Journal of Soils and Sediments

, Volume 16, Issue 4, pp 1168–1175 | Cite as

Spatial and vertical distribution of 137Cs in soils in the erosive area of southeastern Serbia (Pčinja and South Morava River Basins)

  • Jelena Petrović
  • Snežana DragovićEmail author
  • Ranko Dragović
  • Milan Đorđević
  • Mrđan Đokić
  • Mirjana Ćujić
Soil Pollution and Remediation



The area of southeastern Serbia, the Pčinja and South Morava River Basins, is under the influence of very strong erosion, and the aim of this study was to investigate the vertical and spatial distribution of the 137Cs in the eroded soils of this area.

Materials and methods

Vertical soil profiles were collected with 5-cm increments from the uppermost layer down to 20, 25, 30, 40, and 50 cm of depth, depending on the thickness of the soil layers, i.e., down to the underlying parent rocks. Measurements of 137Cs activity concentration were performed by using the HPGe gamma-ray spectrometer ORTEC-AMETEK (34 % relative efficiency and high resolution 1.65 keV at 1.33 MeV for 60Co), from its gamma-ray line at 661.2 keV.

Results and discussion

The mean 137Cs activity concentration across all 18 soil profiles (for all soil layers) was found to be 20 Bq kg−1. In the greatest number of soil profiles, the 137Cs activity concentration was generally highest in the first soil layer (0–5 cm) and decreased with soil depth, while in a few soil profiles, the peak of either the 137Cs activity concentration occurred in the second soil layer (5–10 cm) or the 137Cs activity concentration was almost equal throughout the entire soil profile. The mean 137Cs activity concentration in the first soil layer (0–5 cm) was found to be 61 Bq kg−1, and the high coefficient of variation of 92 % pointed out high spatial variability and large range of the 137Cs activity concentrations in the study area.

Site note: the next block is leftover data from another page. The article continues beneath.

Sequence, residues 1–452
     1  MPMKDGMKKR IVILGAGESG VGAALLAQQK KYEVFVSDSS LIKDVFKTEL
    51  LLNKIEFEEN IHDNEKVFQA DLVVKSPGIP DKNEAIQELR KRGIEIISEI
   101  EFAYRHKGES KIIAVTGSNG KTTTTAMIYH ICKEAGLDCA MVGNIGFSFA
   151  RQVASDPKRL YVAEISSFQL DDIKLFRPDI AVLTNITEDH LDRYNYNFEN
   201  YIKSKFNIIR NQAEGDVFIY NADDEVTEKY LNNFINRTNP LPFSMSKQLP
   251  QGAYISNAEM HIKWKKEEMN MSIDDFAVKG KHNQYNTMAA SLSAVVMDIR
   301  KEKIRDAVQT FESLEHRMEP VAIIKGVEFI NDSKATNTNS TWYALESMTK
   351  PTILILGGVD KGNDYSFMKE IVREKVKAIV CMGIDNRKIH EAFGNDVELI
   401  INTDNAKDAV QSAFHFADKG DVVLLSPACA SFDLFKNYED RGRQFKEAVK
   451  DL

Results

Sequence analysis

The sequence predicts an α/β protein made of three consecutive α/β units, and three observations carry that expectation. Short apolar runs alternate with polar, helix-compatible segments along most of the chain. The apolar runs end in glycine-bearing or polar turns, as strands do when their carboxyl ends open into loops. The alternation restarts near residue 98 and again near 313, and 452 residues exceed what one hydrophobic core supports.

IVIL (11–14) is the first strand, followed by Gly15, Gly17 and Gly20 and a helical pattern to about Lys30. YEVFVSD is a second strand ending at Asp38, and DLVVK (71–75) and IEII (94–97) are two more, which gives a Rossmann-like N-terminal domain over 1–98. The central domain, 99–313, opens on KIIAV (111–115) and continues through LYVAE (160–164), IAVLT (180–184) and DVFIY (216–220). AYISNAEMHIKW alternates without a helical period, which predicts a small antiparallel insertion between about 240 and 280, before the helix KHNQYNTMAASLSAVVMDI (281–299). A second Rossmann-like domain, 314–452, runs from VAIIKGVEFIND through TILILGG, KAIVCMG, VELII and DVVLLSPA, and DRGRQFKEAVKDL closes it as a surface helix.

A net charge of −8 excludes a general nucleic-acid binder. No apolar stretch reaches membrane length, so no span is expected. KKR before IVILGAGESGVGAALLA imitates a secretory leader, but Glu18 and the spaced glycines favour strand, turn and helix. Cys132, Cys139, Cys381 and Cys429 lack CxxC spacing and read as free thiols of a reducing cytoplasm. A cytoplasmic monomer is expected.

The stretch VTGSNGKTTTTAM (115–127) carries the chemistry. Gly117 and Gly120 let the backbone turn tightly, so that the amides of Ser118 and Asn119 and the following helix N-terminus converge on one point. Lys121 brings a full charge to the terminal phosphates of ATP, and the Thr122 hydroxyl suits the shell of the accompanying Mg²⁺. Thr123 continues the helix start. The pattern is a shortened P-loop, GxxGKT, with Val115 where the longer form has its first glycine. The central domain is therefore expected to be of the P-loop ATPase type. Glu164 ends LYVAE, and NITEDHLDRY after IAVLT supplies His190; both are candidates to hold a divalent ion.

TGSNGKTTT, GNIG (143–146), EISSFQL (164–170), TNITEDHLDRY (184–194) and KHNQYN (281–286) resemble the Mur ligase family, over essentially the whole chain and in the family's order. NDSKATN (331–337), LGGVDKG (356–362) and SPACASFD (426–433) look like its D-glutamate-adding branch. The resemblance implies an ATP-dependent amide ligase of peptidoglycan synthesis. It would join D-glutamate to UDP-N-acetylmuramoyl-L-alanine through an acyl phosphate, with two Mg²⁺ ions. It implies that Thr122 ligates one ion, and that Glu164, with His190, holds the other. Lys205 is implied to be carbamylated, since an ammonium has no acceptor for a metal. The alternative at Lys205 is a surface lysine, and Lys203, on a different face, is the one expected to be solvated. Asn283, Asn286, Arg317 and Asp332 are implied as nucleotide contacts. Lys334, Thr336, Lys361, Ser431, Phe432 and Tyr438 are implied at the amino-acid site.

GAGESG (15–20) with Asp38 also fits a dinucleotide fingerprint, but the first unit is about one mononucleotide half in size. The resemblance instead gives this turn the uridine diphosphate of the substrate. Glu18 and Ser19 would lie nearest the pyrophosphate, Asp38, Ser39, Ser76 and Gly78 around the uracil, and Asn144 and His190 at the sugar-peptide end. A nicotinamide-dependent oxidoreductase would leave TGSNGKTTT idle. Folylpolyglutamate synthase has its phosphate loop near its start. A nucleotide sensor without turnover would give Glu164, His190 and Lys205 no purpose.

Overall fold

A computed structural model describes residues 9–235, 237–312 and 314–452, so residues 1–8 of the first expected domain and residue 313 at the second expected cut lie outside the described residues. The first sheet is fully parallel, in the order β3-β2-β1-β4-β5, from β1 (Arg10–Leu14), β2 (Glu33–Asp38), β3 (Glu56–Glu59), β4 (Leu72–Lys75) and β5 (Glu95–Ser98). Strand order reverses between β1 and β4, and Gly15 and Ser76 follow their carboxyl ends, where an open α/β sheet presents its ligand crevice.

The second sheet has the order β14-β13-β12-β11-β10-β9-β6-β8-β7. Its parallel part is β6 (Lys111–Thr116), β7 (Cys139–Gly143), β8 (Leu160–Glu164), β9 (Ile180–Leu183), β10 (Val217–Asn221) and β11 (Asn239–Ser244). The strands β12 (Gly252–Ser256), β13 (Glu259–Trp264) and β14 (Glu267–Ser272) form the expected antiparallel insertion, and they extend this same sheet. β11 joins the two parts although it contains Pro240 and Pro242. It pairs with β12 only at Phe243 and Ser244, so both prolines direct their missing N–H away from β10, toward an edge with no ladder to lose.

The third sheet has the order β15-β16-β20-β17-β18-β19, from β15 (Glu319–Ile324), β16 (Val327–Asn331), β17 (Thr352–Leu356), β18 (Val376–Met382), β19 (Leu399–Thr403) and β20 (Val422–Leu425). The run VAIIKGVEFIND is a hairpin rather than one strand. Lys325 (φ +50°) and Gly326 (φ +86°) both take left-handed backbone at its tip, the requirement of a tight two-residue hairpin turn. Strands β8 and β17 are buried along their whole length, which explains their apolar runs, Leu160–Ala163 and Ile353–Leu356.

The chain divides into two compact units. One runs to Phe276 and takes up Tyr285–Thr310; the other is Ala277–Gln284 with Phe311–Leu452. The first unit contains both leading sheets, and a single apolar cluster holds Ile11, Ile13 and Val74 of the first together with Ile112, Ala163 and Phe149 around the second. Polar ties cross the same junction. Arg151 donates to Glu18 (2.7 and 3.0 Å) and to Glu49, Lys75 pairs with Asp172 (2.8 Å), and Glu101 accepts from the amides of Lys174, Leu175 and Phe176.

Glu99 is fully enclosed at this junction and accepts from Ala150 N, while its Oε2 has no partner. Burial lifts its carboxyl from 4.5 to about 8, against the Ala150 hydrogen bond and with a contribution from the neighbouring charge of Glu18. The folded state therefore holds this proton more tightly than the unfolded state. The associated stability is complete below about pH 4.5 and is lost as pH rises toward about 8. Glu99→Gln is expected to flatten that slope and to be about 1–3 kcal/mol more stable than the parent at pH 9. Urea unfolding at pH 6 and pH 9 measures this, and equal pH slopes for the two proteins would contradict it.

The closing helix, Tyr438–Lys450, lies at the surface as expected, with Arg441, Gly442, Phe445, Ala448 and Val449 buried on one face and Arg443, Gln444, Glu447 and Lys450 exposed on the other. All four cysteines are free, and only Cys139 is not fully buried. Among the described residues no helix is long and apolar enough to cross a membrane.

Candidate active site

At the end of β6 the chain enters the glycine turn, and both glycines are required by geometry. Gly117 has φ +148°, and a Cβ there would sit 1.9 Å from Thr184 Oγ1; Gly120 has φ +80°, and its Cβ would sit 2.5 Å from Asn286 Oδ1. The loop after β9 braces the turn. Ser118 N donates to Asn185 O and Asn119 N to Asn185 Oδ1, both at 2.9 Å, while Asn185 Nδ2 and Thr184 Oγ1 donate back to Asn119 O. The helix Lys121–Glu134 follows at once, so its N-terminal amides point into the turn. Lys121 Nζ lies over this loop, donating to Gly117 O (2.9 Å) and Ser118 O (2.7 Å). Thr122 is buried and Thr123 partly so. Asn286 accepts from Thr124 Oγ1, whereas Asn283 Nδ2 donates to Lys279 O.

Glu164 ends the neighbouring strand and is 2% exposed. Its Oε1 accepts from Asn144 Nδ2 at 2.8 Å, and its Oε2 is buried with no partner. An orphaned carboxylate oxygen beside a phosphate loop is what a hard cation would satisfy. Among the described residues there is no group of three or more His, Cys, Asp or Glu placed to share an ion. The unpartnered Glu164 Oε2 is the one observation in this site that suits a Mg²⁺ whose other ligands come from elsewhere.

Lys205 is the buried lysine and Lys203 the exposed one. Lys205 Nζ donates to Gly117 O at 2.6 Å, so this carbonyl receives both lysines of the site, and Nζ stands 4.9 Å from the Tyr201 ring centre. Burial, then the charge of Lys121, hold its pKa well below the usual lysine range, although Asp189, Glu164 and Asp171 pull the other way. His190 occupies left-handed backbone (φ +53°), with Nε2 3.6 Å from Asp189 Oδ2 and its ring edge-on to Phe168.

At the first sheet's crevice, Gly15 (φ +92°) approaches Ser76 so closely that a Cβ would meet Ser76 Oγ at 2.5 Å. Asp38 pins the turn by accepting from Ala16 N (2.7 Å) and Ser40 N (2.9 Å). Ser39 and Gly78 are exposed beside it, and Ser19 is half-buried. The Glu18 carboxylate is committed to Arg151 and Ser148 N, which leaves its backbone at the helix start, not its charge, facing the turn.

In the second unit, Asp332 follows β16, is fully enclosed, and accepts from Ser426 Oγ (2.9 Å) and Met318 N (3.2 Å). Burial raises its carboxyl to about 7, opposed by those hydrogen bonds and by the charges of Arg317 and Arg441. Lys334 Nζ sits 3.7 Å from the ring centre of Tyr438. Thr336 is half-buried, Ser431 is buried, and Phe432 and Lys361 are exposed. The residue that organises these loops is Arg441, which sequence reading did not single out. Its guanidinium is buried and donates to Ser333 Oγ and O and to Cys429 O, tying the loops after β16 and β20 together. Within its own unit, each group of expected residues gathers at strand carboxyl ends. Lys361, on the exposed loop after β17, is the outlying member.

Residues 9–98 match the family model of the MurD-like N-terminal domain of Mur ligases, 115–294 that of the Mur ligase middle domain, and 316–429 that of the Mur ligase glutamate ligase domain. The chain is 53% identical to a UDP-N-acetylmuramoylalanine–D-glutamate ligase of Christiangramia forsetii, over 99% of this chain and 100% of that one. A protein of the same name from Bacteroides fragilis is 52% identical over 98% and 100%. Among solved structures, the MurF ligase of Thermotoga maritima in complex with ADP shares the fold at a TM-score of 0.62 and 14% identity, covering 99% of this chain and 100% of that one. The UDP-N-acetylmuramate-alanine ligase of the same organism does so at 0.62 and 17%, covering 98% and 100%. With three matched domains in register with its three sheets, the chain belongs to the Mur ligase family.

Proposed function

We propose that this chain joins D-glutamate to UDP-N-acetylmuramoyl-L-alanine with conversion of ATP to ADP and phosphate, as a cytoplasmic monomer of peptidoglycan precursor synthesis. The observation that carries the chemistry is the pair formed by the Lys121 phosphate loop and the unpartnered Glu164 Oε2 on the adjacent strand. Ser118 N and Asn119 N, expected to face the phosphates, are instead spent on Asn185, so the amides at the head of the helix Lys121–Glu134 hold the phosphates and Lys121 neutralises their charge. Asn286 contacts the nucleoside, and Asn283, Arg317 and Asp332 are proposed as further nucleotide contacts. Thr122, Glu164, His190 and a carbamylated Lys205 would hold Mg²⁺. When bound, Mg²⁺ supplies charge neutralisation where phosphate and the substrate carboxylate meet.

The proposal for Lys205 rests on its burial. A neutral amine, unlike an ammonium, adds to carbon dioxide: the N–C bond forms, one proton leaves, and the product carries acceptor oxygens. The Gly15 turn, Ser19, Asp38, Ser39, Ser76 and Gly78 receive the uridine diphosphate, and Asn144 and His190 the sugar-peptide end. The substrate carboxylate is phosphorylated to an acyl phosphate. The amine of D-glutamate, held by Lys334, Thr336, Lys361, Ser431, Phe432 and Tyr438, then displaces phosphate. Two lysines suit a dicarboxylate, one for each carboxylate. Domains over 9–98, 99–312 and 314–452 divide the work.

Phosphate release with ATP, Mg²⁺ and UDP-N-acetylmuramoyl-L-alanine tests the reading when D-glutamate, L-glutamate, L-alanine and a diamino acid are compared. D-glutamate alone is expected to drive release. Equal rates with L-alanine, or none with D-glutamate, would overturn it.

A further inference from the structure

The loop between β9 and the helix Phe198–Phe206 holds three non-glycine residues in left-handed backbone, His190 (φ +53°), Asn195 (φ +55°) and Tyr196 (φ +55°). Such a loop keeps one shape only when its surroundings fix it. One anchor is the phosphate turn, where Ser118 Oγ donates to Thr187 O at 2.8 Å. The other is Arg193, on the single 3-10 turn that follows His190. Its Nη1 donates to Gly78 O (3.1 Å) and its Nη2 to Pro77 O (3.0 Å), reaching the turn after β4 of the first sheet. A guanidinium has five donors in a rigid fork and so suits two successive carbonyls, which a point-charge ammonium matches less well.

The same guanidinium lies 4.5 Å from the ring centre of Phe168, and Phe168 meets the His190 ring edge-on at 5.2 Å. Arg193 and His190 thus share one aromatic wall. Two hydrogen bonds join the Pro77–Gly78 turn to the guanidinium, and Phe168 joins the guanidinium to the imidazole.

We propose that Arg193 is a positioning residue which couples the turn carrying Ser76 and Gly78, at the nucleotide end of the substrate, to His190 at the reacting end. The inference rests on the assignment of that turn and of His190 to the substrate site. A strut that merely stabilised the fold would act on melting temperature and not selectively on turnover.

The obtained results indicate that in the greatest number of soil profiles, 137Cs is present in the upper layers, with concentration decreasing with depth, as is typical in uncultivated soil. Its spatial distribution was very uneven among the surface soil layers of the investigated sites. One of the main reasons for such pattern of 137Cs in the study area may be soil erosion. Additional investigations which would support this hypothesis are required.


137Cs Spatial distribution Vertical distribution Southeastern Serbia Pčinja and South Morava River Basins 



This work was supported by the Ministry of Education, Science and Technological Development of the Republic of Serbia (Project no. III43009).


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Copyright information

© Springer-Verlag Berlin Heidelberg 2015

Authors and Affiliations

  • Jelena Petrović
    • 1
  • Snežana Dragović
    • 2
    Email author
  • Ranko Dragović
    • 3
  • Milan Đorđević
    • 3
  • Mrđan Đokić
    • 3
  • Mirjana Ćujić
    • 1
  1. 1.Institute for the Application of Nuclear EnergyUniversity of BelgradeBelgradeSerbia
  2. 2.Vinča Institute of Nuclear SciencesUniversity of BelgradeBelgradeSerbia
  3. 3.Faculty of Science and Mathematics, Department of GeographyUniversity of NišNišSerbia

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